By Lawrence Hurley
WASHINGTON (Reuters) - The U.S. Supreme Court on Monday let stand Facebook Inc's $9.5 million class action settlement over allegations the social networking company's defunct "Beacon" service violated its members' privacy rights.
Although the court declined to hear the case, Chief Justice John Roberts issued a statement raising concerns about the particular type of settlement in the case and said the Supreme Court might take up another case in the future to clarify the law.
The court's decision not to hear the case means the settlement is final.
Four users who were part of the class action lawsuit objected to the settlement, which set up a not-for-profit group that addresses online privacy rights. They claimed it gave nothing of value to the approximately 3.5 million plaintiffs.
One of them, Megan Marek, sought Supreme Court review after the 9th U.S. Circuit Court of Appeals in San Francisco ruled in September 2012 that the settlement could go ahead.
One member of the three-judge panel dissented, saying the settlement unfairly benefited Facebook and plaintiff attorneys.
In 2007 Facebook launched Beacon, which would notify a user's friends of transactions the user made on such third-party websites as Overstock.com Inc, a discount retailer. Facebook did not ask users to agree to participate in the program, prompting complaints about how private data was being transmitted without their permission. Facebook eventually discontinued the service.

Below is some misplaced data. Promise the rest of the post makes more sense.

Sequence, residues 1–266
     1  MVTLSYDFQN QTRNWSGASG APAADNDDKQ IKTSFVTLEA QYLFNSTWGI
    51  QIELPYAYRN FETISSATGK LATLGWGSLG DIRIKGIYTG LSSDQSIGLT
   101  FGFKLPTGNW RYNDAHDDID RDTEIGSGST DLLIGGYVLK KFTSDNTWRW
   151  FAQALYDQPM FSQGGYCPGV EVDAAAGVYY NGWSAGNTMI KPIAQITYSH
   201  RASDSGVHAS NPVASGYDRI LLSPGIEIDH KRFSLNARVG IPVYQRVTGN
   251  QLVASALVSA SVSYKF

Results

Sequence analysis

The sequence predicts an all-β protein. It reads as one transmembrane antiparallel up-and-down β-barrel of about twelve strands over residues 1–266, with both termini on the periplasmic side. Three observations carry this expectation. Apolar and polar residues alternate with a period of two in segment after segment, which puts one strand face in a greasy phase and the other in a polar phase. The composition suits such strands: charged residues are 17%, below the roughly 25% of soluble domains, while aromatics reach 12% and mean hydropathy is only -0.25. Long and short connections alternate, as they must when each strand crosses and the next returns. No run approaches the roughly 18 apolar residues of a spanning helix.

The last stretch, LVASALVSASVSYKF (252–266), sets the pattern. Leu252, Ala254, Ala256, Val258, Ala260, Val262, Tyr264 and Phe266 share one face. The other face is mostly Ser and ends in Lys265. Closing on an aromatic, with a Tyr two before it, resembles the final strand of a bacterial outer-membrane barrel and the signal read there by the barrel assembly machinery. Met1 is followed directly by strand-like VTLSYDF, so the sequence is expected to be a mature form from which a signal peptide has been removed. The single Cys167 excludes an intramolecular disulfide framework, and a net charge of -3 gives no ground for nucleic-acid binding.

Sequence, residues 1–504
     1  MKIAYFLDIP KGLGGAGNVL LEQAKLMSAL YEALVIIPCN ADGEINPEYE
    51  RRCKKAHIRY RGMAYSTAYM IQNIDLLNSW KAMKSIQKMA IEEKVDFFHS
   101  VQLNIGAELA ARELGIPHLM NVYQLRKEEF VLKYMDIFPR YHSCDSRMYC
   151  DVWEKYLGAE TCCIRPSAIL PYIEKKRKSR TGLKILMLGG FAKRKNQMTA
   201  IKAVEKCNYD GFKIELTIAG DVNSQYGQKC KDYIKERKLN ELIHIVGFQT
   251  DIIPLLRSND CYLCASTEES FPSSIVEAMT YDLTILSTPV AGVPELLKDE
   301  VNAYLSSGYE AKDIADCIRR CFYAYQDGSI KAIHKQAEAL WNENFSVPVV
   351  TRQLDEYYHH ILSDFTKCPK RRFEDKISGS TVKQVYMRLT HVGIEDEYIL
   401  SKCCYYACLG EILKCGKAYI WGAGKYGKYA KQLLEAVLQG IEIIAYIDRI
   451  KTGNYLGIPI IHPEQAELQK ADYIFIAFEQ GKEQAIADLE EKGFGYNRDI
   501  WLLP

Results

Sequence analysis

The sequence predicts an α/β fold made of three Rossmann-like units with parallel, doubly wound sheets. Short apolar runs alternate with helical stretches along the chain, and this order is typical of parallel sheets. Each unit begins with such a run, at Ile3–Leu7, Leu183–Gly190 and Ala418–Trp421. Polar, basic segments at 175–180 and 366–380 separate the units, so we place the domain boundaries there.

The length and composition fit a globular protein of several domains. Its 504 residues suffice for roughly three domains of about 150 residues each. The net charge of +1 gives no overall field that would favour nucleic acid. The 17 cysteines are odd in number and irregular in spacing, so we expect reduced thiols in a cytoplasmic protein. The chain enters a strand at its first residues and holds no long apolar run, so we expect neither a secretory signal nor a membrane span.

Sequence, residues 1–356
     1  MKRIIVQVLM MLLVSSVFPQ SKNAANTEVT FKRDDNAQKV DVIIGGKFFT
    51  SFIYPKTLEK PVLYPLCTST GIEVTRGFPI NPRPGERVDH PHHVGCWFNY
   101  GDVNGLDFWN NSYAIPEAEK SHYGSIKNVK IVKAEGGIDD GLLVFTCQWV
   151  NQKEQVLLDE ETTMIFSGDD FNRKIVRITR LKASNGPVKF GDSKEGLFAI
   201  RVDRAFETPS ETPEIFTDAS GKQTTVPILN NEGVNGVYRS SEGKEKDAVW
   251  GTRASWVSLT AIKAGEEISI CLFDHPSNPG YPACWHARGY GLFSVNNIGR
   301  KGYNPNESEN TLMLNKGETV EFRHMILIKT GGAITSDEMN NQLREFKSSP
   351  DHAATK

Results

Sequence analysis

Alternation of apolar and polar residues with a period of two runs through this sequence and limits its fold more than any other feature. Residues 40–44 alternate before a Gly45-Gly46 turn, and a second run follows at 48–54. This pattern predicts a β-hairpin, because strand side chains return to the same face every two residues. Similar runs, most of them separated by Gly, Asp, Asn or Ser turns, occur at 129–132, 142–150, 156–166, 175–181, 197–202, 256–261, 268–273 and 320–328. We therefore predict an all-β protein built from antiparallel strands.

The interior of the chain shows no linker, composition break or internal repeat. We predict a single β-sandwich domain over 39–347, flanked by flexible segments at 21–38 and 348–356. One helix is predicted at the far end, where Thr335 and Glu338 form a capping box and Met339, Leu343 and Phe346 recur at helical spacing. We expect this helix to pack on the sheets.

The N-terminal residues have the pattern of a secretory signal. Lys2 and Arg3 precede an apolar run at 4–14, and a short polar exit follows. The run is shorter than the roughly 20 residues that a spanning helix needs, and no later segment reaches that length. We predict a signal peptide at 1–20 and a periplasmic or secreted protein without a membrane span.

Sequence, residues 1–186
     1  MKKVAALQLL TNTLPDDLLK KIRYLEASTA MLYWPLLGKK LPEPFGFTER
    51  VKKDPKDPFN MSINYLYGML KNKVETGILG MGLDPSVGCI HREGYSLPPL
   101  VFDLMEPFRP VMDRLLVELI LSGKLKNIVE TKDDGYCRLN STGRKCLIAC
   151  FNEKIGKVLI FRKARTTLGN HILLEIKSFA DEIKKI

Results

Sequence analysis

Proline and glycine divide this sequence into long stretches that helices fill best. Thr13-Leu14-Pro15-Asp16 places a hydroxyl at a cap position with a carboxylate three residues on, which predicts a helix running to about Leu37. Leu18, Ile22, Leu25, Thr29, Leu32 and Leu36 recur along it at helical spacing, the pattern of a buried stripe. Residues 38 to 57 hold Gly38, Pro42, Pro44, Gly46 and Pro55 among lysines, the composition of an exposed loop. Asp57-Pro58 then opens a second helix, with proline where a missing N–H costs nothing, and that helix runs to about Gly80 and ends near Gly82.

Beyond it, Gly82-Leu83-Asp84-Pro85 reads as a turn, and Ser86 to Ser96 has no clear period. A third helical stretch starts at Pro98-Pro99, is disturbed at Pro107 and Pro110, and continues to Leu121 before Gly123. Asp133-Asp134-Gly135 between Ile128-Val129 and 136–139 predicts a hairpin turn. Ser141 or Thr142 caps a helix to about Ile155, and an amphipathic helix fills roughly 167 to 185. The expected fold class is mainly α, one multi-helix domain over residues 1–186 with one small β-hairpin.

A group of 19 plaintiffs filed a proposed class action in federal court against Facebook and other businesses that participated in Beacon. Facebook soon agreed to settle the case for $9.5 million.
Roughly $3 million was set aside for attorney fees, with the rest going to establish the charitable group focused on online privacy rights. The board members of the group would be selected by Facebook and the lawyers representing the users.
In his statement on Monday, Roberts noted that settlements similar to those in the Facebook case, in which the majority of plaintiffs get no damages, with the money put to another use, have become increasingly common in the class action context.
"In a suitable case, this court may need to clarify the limits on the use of such remedies," he wrote.
The case is Marek v. Lane, U.S. Supreme Court, No. 13-136.
(Reporting by Lawrence Hurley; Editing by Howard Goller and Jeffrey Benkoe)